Cargill and others suspend trade with BBF in response, Global Witness calls on firms to permanently terminate purchases

20th December 2022, London – Video evidence and testimony from a Brazilian Indigenous community in the state of Para, has revealed astepping up of violent attempts by Brasil Biofuels (BBF), a local palm oil producer that sells to major international brands, to forcibly evict the community from disputed lands, in the final days of Bolsonaro’s Presidency.

In response Cargill have told Global Witness they are suspending purchases from BBF, whilst Kellogg, Hersheys and other international brands have confirmed that as they supply directly from Cargill, they too are not currently purchasing BBF palm oil. PepsiCo and Mondelez did not respond to Global Witness calls to cease trading with BBF. Whilst Global Witness welcomes this decision from Cargill and others, they are being called upon to permanently terminate trading with BBF.  

The new evidence, gathered from videos and interviews with leaders from the Turiuara and Tembé Indigenous communities in Tomé-Açu/Acará, reveals violent attacks, as recently as last week, carried out by men apparently in BBF uniforms and armed men allegedly acting on the company’s behalf, to reoccupy lands claimed by Indigenous peoples and by BBF. The violence allegedly includes:

-          Holding community members at gunpoint and forcing them to lie face down

-          Physical attacks causing bodily harm against community members, including pregnant women

-          Threats to shoot those attempting to protect the territory

-          Death threats against Indigenous leaders

Although a Para court ruled in favour of BBF’s claim to the land in September of this year, the same court issued an interim decision to prohibit the repossession at the end of November, following BBF security guards attempting to take the land without the presence of the military police, as stipulated by the judge.

The attacks come as outgoing President Jair Bolsonaro prepares to leave office on 31st December, appearing to confirm the worst fears of the Indigenous community who had long warned that between the elections result and the handover on 1st January 2023 [KD1] [GB2]  an escalation in violence was expected. Community leaders told Global Witness that the pre-election message from ‘deputies and government officials’ to local palm oil producers, if Bolsonaro loses, is clear: “execute those who are protesting and creating problems until the end of 2022.”

A representative to the Para State legislature and Bolsonaro ally, Deputado Caveira, was filmed in April telling BBF employees that whatever “is not solved through legal means, will be solved with gunpowder”.

Gabriella Bianchini, Land and Environment Defenders Campaigner at Global Witness, said:

“This horrific escalation in violence is a vicious attempt by BBF to afflict as much punishment on Indigenous people defending their land as possible, whilst they can get away with it in the dying days of Bolsonaro’s rule. It therefore could not be clearer that it is Bolsonaro’s presidency that has incubated these brutal attacks.”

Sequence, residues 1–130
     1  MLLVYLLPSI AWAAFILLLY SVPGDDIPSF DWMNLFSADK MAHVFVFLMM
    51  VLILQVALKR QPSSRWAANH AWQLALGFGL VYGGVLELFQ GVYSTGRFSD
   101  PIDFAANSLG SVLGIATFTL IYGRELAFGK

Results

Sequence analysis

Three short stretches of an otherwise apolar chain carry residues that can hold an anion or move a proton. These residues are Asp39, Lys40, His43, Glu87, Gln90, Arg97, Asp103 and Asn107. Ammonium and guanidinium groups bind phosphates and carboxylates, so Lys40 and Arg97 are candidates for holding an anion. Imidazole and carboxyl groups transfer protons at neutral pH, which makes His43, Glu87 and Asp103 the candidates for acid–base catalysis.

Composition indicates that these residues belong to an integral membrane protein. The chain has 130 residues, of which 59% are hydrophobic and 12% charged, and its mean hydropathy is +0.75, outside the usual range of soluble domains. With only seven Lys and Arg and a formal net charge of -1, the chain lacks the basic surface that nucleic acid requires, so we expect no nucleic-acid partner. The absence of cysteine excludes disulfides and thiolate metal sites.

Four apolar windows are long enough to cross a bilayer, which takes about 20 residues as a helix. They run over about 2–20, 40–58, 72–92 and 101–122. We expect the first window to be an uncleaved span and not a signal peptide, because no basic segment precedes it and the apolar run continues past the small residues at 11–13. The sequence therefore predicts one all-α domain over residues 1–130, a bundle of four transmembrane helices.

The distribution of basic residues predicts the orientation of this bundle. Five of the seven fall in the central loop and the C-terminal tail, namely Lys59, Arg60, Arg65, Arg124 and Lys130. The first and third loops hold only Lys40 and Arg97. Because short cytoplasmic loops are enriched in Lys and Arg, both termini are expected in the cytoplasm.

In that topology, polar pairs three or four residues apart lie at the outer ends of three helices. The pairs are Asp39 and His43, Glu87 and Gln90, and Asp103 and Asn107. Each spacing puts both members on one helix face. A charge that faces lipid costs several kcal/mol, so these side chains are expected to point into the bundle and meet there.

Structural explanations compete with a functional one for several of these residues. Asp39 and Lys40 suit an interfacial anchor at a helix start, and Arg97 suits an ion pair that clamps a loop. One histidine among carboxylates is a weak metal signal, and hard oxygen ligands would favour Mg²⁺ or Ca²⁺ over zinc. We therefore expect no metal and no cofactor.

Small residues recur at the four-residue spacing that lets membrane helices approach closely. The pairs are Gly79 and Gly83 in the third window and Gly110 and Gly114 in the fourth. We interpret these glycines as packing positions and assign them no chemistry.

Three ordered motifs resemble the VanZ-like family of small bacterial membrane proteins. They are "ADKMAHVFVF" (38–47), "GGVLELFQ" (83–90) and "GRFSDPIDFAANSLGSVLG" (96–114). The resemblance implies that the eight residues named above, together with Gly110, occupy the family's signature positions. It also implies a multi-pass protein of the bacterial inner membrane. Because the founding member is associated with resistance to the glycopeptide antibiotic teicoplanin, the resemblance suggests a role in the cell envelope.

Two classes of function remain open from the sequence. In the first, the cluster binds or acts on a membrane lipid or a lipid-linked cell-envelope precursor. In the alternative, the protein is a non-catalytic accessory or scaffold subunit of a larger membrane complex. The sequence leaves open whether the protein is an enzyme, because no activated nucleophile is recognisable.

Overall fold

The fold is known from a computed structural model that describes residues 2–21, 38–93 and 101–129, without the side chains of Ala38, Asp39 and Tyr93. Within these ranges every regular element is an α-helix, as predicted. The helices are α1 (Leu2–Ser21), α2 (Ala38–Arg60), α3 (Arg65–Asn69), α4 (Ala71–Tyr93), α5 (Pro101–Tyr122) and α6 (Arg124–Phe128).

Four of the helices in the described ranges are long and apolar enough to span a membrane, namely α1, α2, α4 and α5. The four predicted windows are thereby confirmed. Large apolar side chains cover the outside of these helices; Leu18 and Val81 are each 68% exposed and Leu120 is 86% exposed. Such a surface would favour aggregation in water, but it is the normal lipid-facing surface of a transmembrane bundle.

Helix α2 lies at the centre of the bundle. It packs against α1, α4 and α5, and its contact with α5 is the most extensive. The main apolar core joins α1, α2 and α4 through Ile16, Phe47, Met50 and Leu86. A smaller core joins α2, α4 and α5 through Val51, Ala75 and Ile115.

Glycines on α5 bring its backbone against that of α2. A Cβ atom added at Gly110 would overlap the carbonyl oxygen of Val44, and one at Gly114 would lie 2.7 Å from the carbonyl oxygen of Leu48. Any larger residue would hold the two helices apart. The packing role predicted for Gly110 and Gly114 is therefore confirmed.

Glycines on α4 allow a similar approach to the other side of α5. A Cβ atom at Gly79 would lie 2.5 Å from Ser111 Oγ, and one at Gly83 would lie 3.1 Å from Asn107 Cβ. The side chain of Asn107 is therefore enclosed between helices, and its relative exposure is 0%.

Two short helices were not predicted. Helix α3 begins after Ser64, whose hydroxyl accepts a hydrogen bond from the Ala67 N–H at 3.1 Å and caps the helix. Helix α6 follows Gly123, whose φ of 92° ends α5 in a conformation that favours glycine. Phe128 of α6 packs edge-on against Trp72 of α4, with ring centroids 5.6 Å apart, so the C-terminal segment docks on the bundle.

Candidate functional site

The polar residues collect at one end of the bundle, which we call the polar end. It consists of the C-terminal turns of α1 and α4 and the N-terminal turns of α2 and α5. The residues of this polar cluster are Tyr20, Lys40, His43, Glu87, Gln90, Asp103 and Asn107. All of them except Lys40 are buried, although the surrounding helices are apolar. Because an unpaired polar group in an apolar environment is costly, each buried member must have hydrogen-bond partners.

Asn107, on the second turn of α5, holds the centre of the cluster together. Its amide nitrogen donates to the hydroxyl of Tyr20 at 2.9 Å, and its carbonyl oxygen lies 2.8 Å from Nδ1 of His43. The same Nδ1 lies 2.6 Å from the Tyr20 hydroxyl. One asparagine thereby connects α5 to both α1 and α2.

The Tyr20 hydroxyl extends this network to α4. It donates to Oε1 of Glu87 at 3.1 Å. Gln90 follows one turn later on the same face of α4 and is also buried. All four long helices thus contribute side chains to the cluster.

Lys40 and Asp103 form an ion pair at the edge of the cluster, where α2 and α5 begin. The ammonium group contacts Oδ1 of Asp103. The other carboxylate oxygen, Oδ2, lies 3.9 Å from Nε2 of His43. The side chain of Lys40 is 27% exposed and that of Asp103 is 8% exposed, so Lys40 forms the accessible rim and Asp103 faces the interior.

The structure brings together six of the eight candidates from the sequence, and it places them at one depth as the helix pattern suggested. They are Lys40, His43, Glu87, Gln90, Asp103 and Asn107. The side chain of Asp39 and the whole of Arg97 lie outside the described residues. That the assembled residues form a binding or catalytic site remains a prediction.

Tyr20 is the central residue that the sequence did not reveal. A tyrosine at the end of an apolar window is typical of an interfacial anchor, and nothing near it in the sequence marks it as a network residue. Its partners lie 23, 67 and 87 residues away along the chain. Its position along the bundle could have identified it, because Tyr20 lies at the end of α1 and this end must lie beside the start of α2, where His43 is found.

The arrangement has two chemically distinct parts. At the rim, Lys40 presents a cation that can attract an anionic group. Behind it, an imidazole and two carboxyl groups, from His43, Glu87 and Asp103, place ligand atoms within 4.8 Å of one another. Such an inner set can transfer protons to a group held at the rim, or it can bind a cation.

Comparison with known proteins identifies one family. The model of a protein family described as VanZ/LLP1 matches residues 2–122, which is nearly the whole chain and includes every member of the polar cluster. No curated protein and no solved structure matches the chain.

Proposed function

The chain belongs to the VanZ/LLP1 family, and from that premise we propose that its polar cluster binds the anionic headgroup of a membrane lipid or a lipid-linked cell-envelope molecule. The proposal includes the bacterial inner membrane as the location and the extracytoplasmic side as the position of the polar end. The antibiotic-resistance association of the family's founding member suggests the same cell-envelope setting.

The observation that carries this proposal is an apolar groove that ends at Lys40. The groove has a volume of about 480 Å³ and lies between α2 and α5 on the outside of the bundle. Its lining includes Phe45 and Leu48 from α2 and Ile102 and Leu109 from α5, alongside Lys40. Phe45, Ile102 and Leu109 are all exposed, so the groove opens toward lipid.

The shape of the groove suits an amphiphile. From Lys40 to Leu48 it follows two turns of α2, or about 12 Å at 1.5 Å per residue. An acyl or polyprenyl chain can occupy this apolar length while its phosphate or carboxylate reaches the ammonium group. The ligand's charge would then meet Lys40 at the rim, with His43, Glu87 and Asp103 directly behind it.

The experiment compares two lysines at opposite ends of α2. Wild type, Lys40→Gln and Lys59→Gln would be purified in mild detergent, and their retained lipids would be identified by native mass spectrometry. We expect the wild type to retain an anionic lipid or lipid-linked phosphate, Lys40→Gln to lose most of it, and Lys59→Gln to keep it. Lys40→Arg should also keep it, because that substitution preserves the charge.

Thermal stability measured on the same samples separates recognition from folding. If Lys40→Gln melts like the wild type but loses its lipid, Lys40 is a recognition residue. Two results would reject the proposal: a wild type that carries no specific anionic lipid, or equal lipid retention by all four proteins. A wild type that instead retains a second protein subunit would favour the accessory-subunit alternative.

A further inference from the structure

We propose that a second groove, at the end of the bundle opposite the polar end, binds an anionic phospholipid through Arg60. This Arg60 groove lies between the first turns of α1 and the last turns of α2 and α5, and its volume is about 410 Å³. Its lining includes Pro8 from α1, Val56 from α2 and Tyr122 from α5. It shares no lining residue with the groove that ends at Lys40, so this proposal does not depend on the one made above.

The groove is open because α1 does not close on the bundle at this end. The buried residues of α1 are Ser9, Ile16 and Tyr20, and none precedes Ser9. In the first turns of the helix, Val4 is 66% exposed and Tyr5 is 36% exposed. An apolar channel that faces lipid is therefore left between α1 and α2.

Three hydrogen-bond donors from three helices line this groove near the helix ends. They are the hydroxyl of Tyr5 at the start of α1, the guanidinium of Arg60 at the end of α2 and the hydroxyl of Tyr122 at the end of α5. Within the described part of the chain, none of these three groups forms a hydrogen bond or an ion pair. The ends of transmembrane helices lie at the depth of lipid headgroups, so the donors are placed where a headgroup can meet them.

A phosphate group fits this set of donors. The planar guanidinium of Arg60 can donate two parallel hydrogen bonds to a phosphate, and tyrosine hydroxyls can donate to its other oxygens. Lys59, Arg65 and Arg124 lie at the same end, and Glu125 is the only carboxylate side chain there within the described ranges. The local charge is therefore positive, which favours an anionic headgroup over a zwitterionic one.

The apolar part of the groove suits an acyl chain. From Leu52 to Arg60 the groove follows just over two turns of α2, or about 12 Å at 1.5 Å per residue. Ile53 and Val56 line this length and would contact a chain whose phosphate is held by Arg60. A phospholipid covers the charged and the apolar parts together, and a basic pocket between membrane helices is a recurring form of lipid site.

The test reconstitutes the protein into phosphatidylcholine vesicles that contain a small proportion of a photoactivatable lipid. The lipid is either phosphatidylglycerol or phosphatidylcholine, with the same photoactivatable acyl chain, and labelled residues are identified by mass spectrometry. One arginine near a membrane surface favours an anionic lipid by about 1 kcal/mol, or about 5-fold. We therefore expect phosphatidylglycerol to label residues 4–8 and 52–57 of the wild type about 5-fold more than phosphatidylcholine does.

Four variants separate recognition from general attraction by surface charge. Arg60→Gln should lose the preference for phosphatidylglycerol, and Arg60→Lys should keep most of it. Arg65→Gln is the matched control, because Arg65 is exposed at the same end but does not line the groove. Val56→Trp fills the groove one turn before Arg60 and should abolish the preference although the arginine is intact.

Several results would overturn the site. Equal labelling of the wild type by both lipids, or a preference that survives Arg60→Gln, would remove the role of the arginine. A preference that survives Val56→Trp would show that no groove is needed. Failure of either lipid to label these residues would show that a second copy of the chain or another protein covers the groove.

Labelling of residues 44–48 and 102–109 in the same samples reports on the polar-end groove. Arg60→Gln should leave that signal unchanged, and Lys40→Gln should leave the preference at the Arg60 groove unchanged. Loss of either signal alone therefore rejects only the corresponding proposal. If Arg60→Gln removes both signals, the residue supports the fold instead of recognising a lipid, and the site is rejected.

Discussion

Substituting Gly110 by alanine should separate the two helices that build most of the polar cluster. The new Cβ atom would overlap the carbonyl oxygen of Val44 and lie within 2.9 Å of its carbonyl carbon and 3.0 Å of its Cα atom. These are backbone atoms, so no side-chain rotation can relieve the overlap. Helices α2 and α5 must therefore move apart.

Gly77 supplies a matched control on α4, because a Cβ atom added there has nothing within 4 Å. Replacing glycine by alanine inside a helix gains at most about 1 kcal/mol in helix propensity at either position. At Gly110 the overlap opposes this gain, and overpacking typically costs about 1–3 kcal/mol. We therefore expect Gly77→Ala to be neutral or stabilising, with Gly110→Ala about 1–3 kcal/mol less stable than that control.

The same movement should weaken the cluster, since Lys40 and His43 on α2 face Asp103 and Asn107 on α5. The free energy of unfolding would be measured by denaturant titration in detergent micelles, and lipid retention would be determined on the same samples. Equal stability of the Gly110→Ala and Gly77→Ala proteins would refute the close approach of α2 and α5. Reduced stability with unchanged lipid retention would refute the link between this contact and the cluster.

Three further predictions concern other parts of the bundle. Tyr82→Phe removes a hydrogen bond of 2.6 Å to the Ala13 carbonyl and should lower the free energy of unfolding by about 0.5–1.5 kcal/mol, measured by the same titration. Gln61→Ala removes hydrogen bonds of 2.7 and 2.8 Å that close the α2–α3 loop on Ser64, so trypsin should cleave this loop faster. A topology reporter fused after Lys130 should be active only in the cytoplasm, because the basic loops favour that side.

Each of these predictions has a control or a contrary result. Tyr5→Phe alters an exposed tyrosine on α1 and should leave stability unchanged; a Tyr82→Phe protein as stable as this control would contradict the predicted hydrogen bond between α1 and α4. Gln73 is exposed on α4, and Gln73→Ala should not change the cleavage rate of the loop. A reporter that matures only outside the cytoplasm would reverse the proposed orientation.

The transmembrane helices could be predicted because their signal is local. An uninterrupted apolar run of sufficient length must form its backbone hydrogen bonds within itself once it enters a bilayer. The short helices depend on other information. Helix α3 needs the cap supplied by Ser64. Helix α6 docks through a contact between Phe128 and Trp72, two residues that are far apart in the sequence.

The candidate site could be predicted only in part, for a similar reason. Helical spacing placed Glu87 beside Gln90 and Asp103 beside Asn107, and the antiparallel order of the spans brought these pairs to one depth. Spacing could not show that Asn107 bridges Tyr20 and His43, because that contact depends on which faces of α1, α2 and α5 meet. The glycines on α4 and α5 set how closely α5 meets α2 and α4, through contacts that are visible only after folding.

“BBF may well lay a legal claim to occupy this land but there is absolutely no legal, or indeed moral, justification for the wave of terrifying violence they are inflicting on a community whose ancestors long held these lands.”

“We strongly welcome the decision of Cargill, and those purchasing palm oil via Cargill, to suspend all transactions with BBF but this needs to be a permanent position. Every company that pulls out of BBF is another blow for those pursuing a violent agenda. Likewise, we call on Brazil’s incumbent President Lula to ensure that the new government protects Indigenous communities and other land and environmental defenders in Brazil standing up for their rights.”

In September a Global Witness report first published evidence of BBF’s campaign of violence in Para, including allegations of torture, illegal detentions, death threats and more against Indigenous communities. The report showed how major international brands Cargill, Hershey, General Mills, Kellogg, Mondelez, Nestle, PepsiCo, and Unilever continued to source palm oil from BBF, despite the allegations.

Following the latest ramping up of violence, Global Witness wrote to all of those named companies, calling on them to cease trade with BBF. Cargill said that they have suspended BBF from its palm supply chain, whilst Hershey, General Mills and Kellogg said that they were linked to BBF through Cargill, as their direct supplier and so BBF is no longer in these companies’ supply chains.

Unilever has said they are investigating BBF through their grievance mechanism and by reaching out to Cargill. Nestle said they do not purchase from BBF. Mondelez and PepsiCo have not responded to Global Witness’ request for comment.

In response to the allegations, BBF told Global Witness that the incidents in question were ‘a series of simultaneous invasions of land owned by BBF’, carried out by a group of Indigenous and Quilombola individuals. The company denied their security members acted with violence and reinforced their commitment to maintain a constructive and open dialogue with the communities that live in the areas where the company operates.